The Detroit News
DETROIT — When COVID-19 hit, one segment of the workforce was hit especially hard: people with developmental disabilities.
Employment advocates across the country are working to overcome challenges amid the pandemic to keep their clients engaged in training and employed. They’re balancing the availability of jobs with the safety of their clients and the comfort levels of their families.
Laquita Parker, 46, builds snack boxes for patients as she works as a dietary aide at StoneCrest Center in Detroit. She is among five dietary aides with a developmental disability who work at the center.
“In February and March, the COVID pandemic really knocked the legs from underneath us,” said Brent Mikulski, president and CEO of Dearborn Heights-based Services to Enhance Potential, a non-profit that offers training to people with developmental disabilities and connects them with internships and jobs.
“We had businesses that were sincere in their interest in working to hire individuals. We were in the process of placing somebody there. They were forced to shut and lay off staff, shutter staff that used to be working. Our folks were part of that layoff.”
Mikulski said of the 200 individuals STEP placed in jobs last year, about 20 clients kept their jobs during the government-ordered shut down of nonessential businesses.
Despite the job losses, STEP says it’s placed clients in jobs at 14 different companies since March including fast food, packaging, environmental services and customer service. It’s been a slow return to work, but there’s progress, Mikulski said
“We’ve shifted what they’re interested in, qualified for,” he said. “It’s picking up. As businesses continue to look for staff I think we’re going to be in a good position to help those folks.”
Statistically, people with developmental disabilities have had a tougher time finding employment. Prior to the pandemic in Michigan, 81% of people with intellectual and developmental disabilities were unemployed, compared to 9% of individuals without disabilities, according to statistics released by Michigan Developmental Disabilities Network in 2014.
Developmental disabilities include autism, cerebral palsy, intellectual disability and learning disorders.
Concerns about training and employment for individuals with developmental disabilities amid the pandemic exist across the country, said Donna Meltzer, CEO of nonprofit National Association of Councils on Developmental Disabilities.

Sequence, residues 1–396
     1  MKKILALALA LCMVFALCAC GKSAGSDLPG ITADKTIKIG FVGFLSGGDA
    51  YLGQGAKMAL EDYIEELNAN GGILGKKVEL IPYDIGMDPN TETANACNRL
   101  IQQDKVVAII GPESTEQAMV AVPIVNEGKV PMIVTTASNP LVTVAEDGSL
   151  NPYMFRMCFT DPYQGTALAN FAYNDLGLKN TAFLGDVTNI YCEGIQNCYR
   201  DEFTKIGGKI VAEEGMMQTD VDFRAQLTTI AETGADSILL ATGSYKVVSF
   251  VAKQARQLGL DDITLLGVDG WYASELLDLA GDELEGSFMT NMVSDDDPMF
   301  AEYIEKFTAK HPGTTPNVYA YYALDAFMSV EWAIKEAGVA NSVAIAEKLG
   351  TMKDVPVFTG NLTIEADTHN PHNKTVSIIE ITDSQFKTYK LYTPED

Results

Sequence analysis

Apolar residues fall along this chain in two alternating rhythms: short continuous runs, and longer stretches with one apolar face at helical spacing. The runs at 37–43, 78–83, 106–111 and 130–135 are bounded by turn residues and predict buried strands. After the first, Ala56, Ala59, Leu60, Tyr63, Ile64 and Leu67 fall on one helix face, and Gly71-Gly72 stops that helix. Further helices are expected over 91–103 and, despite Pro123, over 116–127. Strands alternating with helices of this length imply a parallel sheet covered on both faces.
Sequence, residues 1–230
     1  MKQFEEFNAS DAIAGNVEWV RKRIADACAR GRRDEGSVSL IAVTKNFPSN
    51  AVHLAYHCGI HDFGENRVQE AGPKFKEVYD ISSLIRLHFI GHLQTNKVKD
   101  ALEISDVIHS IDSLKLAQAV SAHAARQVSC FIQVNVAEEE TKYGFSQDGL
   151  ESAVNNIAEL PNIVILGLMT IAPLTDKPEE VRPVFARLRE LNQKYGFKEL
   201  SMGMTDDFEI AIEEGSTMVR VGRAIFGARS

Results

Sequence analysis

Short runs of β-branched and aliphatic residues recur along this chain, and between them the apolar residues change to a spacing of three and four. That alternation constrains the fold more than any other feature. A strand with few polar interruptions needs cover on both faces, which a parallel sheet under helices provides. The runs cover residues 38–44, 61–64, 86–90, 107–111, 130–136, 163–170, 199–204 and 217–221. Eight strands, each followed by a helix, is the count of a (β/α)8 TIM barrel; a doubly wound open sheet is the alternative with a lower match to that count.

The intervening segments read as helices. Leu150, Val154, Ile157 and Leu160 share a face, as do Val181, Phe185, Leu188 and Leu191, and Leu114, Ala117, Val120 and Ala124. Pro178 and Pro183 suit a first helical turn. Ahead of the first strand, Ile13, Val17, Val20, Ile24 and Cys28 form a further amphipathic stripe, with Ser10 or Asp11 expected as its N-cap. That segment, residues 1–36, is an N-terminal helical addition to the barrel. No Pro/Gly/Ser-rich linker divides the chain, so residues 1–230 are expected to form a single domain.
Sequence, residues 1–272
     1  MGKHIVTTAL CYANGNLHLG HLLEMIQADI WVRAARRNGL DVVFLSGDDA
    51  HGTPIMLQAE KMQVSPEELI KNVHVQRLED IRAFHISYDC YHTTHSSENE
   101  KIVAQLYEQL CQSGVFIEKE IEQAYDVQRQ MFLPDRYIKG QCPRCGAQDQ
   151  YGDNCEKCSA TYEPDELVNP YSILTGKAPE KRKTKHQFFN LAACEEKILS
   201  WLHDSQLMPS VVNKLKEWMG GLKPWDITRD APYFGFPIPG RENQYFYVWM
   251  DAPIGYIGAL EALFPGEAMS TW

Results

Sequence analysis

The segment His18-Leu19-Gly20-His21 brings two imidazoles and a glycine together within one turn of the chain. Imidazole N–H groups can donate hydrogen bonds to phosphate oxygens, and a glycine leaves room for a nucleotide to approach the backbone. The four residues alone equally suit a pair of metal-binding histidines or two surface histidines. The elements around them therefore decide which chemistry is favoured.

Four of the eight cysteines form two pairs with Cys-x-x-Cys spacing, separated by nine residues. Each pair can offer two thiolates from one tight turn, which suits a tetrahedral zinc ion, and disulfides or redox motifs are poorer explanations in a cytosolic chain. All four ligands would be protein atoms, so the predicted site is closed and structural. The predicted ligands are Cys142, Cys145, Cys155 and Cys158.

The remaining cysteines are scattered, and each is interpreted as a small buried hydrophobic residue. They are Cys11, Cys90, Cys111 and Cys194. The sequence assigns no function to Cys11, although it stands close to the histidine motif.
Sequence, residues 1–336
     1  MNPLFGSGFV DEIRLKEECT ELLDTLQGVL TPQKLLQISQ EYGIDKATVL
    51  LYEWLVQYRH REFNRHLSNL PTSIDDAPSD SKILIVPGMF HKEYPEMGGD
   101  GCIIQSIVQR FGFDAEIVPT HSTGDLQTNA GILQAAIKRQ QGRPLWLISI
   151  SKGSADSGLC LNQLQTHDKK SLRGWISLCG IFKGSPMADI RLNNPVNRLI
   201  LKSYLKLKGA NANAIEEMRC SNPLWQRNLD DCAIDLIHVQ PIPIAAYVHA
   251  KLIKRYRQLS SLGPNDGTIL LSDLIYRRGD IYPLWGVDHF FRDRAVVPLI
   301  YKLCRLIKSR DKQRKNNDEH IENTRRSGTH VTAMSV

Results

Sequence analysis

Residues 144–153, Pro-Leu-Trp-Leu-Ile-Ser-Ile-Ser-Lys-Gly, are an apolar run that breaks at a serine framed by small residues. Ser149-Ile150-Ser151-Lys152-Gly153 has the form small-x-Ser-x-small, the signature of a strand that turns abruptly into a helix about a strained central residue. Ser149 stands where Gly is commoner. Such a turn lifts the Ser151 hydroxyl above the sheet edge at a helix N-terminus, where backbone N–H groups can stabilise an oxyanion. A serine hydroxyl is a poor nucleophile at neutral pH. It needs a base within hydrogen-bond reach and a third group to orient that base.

One fear is that with millions of Americans out of work due to the pandemic, people with disabilities may be the last group of people to find jobs, she said.
“It may take years for our employment infrastructure to rebound,” she said. “Jobs will be scarce and many who had jobs may find that job is no longer open to them. Education that leads to work is also greatly impacted and a cohort of students who were moving forward from school to work or on to higher ed may lose those opportunities permanently. Until there is a vaccine, many will not feel safe navigating the community and choose instead to stay home — our challenge is to find ways to balance safety, health and community.”
Other challenges Meltzer said organizations are working through are students impacted by the lack of technology to learn remotely.
Employment decreases vulnerability because reduces food insecurity and increases the likelihood of access to health insurance and health care, said Erin Riehle, director of Project Search, a Cincinnati-based school-to-work program for people with disabilities with an international network including roughly 20 program sites in Michigan.
Riehle says employers, including hospitals, retirement communities and grocery stores are provided safety training and equipment to pass on to employees. Employers can provide more suitable equipment for employees with medical vulnerabilities and possibly change the location of their employee’s work assignment if needed, Riehle said.
“There’s many accommodations that can be put in place in the workplace, which ultimately may keep you more active and less vulnerable,” she said.
Parker, 46, transitioned from an internship with StoneCrest Center in Detroit to her first permanent job there as a dietary aide.
Jobs and self-worth
Clients of STEP are placed in work that pays at least minimum wage or whatever the starting pay is for the participating employer, said Mikulski. Those returning to work have resumed schedules of 15-20 hours a week.